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The largest coal-fired power plants keep on going, even as many smaller ones close. By Dan Gearino May 3, 2021

To survive among the shrinking fleet of U.S. coal-fired power plants, it helps to be extremely big.

On April 22, American Electric Power announced that it would close the Rockport Plant in southwest Indiana by 2028, making the plant the only one of the 10 largest in the country that is scheduled to completely shut down before 2030.

Eight of the top 10 coal-fired plants have no firm retirement dates, even though President Joe Biden has talked about wanting to see a phaseout of fossil fuel-generated electricity by 2035, and most of the plants are owned by companies that have said they are aiming for net-zero emissions by 2050.

These gargantuan plants, including one with a smokestack about as tall as the Eiffel Tower, remain active for a host of reasons that show market forces alone are sometimes not enough to convince energy companies to shut down assets that they may view as their flagships. Some of the plants are hanging on to life with help from state regulatory systems that allow plant owners to rack up guaranteed returns, slowing the transition to cheaper and less-polluting electricity sources.

“You have a disproportionate share of these coal plants owned by vertical monopolies who are largely insulated from market forces,” said Joe Daniel, a senior energy analyst for the Union of Concerned Scientists.

But it would be wrong to say that all the plants are unable to compete. Some, like the W.A. Parish Generating Station near Houston, Texas, owned by NRG Energy, remain viable because of economies of scale and relatively low fuel costs. These plants could operate for decades, unless there is a change in government policy to make plant owners cover some of the costs tied to their emissions.

A carbon price would hit coal-fired plants the hardest because coal has more than double the emissions of natural gas per unit of electricity generated from burning the fuels. Nuclear power and renewables, like solar and wind, have zero emissions.

“We need regulation on carbon pollution because carbon pollution is really hurting our economy and hurting people’s livelihoods, and without that the economics of coal mean some plants shut down, but certainly not all of them,” said Catie Hausman, a University of Michigan professor whose research focuses on energy and climate policy.

While some of the largest coal plants may be able to hold on indefinitely, coal power as a whole is rapidly declining.

The country now has 217 gigawatts of capacity from coal-fired power plants, down about 30 percent since 2011, according to the Energy Information Administration. Hundreds of plants, mostly the smallest and oldest, have closed.

The remaining plants are operating less often than before. Coal-fired power plants had an average “capacity factor” in 2011 of 63 percent, which means they were running at just shy of two-thirds of the maximum that is technically possible. The average fell to 40 percent last year, with many plants sitting idle for much of the time as their owners chose to use less expensive options.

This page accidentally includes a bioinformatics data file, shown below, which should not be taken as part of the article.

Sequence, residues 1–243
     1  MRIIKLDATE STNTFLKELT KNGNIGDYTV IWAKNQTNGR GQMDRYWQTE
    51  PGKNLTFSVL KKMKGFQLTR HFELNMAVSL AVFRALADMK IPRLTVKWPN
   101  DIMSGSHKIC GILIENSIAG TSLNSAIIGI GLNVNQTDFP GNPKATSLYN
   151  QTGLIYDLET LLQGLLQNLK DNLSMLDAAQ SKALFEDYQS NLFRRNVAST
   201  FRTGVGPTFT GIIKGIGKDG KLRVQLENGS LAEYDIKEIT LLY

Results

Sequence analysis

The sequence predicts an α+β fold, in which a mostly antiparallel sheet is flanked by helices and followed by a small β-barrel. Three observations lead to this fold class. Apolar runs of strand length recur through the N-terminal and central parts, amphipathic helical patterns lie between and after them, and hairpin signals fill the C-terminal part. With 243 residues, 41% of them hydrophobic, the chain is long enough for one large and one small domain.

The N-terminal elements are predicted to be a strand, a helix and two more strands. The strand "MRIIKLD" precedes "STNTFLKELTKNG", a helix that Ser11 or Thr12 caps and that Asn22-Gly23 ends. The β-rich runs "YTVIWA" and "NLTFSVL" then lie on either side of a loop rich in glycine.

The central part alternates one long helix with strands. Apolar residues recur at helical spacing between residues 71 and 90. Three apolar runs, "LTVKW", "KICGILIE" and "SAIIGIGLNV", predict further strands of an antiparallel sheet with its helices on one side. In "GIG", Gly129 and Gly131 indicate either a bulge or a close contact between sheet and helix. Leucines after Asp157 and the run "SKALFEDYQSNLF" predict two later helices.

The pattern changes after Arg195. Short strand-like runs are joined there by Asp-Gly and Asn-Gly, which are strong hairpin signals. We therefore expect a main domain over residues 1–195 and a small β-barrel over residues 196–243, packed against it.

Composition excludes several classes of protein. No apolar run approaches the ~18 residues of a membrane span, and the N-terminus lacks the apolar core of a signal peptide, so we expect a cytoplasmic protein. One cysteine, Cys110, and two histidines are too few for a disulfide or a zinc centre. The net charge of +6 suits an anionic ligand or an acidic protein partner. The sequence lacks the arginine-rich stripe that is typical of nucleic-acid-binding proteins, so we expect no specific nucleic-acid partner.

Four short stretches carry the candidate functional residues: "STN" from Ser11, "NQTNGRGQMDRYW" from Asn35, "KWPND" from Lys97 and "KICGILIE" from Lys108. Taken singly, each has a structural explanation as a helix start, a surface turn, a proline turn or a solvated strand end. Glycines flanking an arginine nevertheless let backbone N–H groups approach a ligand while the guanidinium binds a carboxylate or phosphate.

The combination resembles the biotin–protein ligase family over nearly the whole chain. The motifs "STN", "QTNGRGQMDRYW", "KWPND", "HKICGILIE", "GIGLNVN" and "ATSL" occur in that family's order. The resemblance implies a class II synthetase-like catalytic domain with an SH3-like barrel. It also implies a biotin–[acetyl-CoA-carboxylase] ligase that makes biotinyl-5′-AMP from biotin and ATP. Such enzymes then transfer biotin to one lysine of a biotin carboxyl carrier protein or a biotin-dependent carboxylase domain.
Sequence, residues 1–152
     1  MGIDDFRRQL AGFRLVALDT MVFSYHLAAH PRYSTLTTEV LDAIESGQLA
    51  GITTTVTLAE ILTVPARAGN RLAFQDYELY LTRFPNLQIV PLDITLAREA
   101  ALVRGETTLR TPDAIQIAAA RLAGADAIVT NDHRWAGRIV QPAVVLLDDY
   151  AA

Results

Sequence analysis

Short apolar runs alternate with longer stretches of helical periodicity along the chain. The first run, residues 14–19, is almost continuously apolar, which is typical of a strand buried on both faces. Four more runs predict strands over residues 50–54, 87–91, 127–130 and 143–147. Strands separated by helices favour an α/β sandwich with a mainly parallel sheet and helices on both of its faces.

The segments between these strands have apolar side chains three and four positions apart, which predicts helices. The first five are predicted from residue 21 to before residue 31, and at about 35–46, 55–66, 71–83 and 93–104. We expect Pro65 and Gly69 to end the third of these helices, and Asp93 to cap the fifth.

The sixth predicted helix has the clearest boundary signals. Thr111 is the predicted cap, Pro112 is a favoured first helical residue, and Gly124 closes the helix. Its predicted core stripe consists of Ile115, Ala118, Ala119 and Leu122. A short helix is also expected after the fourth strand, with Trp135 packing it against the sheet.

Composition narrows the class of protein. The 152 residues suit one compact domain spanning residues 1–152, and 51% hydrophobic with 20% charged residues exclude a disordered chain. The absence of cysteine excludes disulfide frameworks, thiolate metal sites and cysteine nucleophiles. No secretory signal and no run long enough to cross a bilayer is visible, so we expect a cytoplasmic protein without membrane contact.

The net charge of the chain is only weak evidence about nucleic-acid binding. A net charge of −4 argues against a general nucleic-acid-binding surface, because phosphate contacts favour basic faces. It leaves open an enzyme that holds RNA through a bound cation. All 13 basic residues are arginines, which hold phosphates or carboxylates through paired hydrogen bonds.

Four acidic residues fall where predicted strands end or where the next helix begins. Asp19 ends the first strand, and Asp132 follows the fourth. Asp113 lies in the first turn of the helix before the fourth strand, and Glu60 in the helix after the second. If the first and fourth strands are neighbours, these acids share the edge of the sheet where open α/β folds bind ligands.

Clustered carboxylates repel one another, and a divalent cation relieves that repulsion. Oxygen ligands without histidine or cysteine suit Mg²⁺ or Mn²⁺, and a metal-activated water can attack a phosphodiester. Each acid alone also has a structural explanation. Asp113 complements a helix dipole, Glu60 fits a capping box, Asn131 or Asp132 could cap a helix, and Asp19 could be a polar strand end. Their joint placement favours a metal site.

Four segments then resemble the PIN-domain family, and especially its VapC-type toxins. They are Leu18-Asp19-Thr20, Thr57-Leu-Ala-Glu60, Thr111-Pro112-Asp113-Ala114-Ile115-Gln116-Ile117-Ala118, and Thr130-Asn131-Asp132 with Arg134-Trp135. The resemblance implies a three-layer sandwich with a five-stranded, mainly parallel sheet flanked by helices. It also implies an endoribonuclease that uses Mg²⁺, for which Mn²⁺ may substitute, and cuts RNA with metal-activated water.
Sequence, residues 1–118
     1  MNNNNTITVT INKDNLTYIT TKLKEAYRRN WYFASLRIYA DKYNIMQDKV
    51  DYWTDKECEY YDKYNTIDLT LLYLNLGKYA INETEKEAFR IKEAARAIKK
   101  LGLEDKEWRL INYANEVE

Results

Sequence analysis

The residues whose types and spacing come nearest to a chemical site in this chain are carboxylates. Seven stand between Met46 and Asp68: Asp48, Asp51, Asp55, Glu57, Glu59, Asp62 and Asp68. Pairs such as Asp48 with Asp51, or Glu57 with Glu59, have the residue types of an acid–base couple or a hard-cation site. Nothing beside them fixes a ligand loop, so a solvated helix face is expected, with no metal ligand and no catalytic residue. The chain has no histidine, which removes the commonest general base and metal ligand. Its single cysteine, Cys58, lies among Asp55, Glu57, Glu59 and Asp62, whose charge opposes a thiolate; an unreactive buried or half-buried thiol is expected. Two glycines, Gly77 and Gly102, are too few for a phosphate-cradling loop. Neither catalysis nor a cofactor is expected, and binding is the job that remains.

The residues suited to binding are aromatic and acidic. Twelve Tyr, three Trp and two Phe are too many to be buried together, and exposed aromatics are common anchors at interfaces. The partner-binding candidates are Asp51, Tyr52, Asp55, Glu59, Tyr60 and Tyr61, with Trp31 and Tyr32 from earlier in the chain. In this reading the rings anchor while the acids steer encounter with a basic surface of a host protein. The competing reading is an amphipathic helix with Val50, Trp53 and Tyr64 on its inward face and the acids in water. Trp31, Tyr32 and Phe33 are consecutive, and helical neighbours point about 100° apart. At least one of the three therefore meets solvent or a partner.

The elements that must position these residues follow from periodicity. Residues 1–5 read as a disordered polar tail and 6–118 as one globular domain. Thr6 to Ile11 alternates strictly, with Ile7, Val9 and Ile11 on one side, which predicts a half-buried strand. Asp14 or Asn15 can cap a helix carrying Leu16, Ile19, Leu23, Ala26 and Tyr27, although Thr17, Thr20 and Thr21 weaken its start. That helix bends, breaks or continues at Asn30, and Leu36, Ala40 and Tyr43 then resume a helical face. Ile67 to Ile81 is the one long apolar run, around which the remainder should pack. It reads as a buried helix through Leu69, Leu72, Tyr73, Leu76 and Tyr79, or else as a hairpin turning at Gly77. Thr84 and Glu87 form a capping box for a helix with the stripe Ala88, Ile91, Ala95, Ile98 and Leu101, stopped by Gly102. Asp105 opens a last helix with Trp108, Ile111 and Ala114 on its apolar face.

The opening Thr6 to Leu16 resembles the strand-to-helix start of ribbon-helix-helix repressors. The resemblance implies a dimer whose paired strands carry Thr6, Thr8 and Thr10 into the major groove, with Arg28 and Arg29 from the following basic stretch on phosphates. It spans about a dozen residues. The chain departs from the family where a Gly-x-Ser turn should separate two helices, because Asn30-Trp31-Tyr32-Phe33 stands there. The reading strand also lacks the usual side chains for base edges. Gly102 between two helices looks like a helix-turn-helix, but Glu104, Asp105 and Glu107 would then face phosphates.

Of the 10 largest coal plants, ranked by generating capacity, the one that used the least, with a capacity factor of 18 percent, is Rockport, the plant that just got a retirement date.

Costly and Tied Up in the Courts

AEP announced its plans to close Rockport as part of its quarterly earnings release, which happened to fall on Earth Day.

Rockport, with summer capacity of 2,600 megawatts, consists of two 1,300-megawatt generating units, one owned by AEP and the other owned by Wilmington Trust Co., a financial services company. 

AEP said in 2019 that it was going to close its half of the plant in 2028. The latest news was that the company had an agreement to purchase the other half and close it in 2028, pending approval from regulators.

Rockport is a landmark, sitting near a bend in the Ohio River at the Kentucky border and visible for miles around. Its smokestack is 1,038 feet tall, and has been described as one of the tallest in the world. That is nearly double the height of the Statue of Liberty and about the same height as the Eiffel Tower. 

Nick Akins, AEP’s chairman, president and CEO, said in a conference call that the company may close the plant even sooner, depending on market conditions.

The Rockport plant is part of a long-running legal case that dates back to a 1999 complaint filed by the U.S. Environmental Protection Agency over alleged violations of the Clean Air Act. The case led to a 2007 agreement that included the EPA, environmental groups and Northeastern state governments in which AEP said it would take a series of steps to reduce emissions. By closing the plant, AEP won’t have to spend more than $1 billion on pollution controls that a federal district court judge was requiring.

In addition to the legal issues, Rockport is the most expensive to run of the 10 largest coal plants, with a cost of $61 per megawatt-hour of electricity generation, according to an analysis of U.S. coal-fired power plants to be released this week by the think tank Energy Innovation. The cost is nearly double what a utility would pay for wind or solar in Indiana, according to Eric Gimon, a senior fellow at Energy Innovation and a co-author of the report.

AEP is “probably not making much money off of that thing,” he said.

One of the people relieved to see the plant get a retirement date is Wendy Bredhold, who lives near the plant, in Evansville, Indiana, and works on the staff of the Sierra Club’s Beyond Coal Campaign for Indiana and Kentucky.

“As a resident of southwest Indiana raising my child here, I was initially elated because this is the first full announcement of one of the super-polluters [closing],” she said.

But she said she has mixed feelings about the 2028 timing because she would like to see it close even sooner.